Judy Moody is grumpy. She hates the thought of summer ending and dreads starting third grade, until her new teacher asks each student to create a "Me" collage to share with the class. Then she can't wait to tell about her new pet-a Venus flytrap that eats bugs and hamburger, the T.P. (Toad Pee) Club initiation, and how she ate a shark over the summer. Judy's second-grade brother Stink and her friend Rock are major figures in the story as is her nemesis, Frank Pearl. Judy is independent, feisty, and full of energy, a delightful new character for beginning chapter-book readers. Reynolds has captured her personality in his humorous illustrations done in watercolor, tea, and pen and ink

The Charm Bracelet (Fairy Realm Series Book1) - Rodda
Interest level: 3-6
Reading level: 4.4
Publishers Weekly (February 10, 2003)
Rodda (Rowan of Rin series) launches the Fairy Realm series with this taut, engaging fantasy tale. Jessie visits her maternal grandmother, Jessica, at Blue Moon, a rambling old house with a "secret garden" where Jessie feels safe and peaceful. For five years, the woman has lived alone, since the death of her husband, a renowned artist who painted scenes featuring castles, fairy princesses, elves and miniature horses. Jessie shares more with her grandmother than a name: each always seems to know how the other is feeling. Suddenly Jessie becomes aware that her grandmother, who has been weakened by a fall, is in some kind of grave trouble and that she must help her. Following a voice beckoning her to the secret garden one night, Jessie is transported to a fairyland that she recognizes from one of her grandfather's paintings-his last. Rodda deftly fits together the pieces of a creatively complex puzzle whose fragments include a missing charm bracelet, a cloak that renders the wearer invisible and a secret spell that must be used-once in a blue moon-to renew the magic in the land of Jessica's birth. Despite what sound like familiar elements, an intriguing plot and appealing characters make this a sure choice for budding fantasy fans. Readers will likely wish to accompany Jessie on her second adventure, The Flower Fairies, due out the same month.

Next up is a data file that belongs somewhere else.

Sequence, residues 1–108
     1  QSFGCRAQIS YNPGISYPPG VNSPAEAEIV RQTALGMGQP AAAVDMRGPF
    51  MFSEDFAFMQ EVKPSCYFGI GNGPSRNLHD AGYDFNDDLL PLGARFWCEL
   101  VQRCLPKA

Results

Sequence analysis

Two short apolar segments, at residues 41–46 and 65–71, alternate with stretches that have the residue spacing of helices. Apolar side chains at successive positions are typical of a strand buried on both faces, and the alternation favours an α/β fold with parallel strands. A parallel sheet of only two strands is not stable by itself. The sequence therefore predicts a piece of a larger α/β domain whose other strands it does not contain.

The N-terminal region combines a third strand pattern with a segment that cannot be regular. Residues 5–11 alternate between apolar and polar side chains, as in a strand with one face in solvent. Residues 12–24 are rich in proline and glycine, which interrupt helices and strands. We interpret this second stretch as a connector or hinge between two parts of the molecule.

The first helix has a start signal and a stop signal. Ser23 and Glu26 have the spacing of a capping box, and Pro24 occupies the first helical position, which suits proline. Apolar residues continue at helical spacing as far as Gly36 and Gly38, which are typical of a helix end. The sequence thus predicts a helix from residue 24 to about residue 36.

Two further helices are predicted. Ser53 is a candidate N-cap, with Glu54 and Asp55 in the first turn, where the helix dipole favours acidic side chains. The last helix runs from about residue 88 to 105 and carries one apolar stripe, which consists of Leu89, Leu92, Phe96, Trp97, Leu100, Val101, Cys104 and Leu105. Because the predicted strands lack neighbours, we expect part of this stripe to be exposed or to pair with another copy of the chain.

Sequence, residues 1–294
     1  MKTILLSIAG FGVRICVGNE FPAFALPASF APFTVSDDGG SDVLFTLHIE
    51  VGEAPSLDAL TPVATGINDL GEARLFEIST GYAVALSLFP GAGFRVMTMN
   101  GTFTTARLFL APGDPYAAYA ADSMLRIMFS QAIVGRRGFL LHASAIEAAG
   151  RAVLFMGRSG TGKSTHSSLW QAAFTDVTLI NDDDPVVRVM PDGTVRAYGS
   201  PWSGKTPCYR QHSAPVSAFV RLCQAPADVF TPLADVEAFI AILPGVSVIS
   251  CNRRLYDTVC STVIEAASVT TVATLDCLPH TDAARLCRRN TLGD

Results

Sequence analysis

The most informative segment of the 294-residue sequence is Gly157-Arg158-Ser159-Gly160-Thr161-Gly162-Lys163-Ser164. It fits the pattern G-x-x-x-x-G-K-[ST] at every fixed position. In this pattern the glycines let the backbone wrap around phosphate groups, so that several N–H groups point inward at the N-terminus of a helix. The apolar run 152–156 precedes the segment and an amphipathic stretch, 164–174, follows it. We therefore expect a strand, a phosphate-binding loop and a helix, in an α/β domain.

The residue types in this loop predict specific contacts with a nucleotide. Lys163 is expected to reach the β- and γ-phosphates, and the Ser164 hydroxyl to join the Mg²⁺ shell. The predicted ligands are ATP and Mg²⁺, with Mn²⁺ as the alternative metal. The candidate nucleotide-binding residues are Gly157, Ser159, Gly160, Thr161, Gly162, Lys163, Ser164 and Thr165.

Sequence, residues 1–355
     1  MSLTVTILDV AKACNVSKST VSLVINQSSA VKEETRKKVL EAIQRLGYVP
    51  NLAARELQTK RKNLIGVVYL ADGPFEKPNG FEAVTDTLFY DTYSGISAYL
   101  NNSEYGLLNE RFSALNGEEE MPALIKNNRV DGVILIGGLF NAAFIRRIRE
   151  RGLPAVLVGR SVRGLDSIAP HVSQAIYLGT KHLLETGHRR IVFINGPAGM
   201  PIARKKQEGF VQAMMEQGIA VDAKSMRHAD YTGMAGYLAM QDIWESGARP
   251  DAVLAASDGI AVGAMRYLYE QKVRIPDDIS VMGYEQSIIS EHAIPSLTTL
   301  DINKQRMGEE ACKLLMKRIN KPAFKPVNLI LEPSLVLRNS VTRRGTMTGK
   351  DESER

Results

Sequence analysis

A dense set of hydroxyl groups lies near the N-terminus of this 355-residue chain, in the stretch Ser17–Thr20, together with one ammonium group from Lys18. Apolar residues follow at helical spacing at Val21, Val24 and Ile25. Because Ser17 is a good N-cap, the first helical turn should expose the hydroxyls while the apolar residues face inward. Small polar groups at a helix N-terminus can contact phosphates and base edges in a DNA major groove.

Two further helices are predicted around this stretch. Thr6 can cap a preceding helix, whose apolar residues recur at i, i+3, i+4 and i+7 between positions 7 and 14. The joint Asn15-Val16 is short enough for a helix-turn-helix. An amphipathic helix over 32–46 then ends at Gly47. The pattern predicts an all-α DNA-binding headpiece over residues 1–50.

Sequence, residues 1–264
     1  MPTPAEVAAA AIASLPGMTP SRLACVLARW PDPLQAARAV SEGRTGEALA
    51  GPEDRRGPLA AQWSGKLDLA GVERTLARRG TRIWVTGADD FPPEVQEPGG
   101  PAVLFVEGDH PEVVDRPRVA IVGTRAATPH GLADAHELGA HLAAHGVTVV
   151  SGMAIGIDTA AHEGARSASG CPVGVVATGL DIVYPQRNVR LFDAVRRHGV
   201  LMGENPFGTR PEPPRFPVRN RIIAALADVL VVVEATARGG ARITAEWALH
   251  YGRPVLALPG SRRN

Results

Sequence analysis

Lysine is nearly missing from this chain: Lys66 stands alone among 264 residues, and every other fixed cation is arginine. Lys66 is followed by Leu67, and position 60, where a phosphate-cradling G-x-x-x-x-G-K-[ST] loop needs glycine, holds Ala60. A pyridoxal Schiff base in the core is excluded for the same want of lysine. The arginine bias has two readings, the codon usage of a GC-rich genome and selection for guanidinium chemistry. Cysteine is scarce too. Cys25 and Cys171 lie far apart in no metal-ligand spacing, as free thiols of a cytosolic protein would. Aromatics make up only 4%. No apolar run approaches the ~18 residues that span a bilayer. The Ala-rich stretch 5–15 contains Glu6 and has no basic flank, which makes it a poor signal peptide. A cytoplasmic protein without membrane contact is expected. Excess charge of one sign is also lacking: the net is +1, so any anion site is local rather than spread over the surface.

Miss Daisy is Crazy - Gutman
Interest level: 1-4
Reading level: 4.0
Booklist (September 1, 2004 (Vol. 101, No. 1)
Second-grader A. J. hates school, but he has to admit that Miss Daisy isn't like any teacher he has had before. She enjoys watching TV and eating chocolate just like A. J., and she is always asking her students for help solving problems in math and spelling. She also takes A. J.'s suggestion to turn the school into a video-game arcade seriously. Principal Klutz agrees to "rent out"the school for a night (and wear a gorilla suit) if the children read a million pages. Can they do it? The humorous, simply written story, first in the My Weird School series, gets its zest largely from A. J.'s lively, first-person commentary on school life and legend. Reluctant students will have no trouble relating to A. J., and breezy Miss Daisy illustrates how respecting kids and balancing learning with fun can produce positive results. The occasional cartoon line drawings are a good fit.

Additional Reading Ideas

  • Claudia and the Phantom Phone Calls (The Baby-Sitters Club Series #2) by Ann M. Martin
  • The Cricket in Times Square by George Selden, Garth Williams (illus.)
  • Earthquake Terror by Peg Kehret
  • Fudge-a-Mania by Judy Blume
  • The Indian in the Cupboard by Lynne Reid Banks, Brock Cole (illus.)
  • Jacob Two - Mrs. Frisby and the Rats of NIMH by Robert C. O'Brien, Zena Bernstein (illus.)
  • The Mouse and the Motorcycle by Beverly Cleary, Louis Darling (illus.)
  • My Side of the Mountain by Jean Craighead George
  • My Teacher Is an Alien by Bruce Coville, Mike Wimmer (illus.)
  • Native American Doctor, The Story of Susan LaFlesche Picotte by Jeri Ferris
  • Nothing's Fair in Fifth Grade by Barthe DeClements
  • The Original Adventures of Hank the Cowdog by John R. Erickson, Gerald L. Holmes (illus.)
  • Time for Andrew, A Ghost Story by Mary Downing Hahn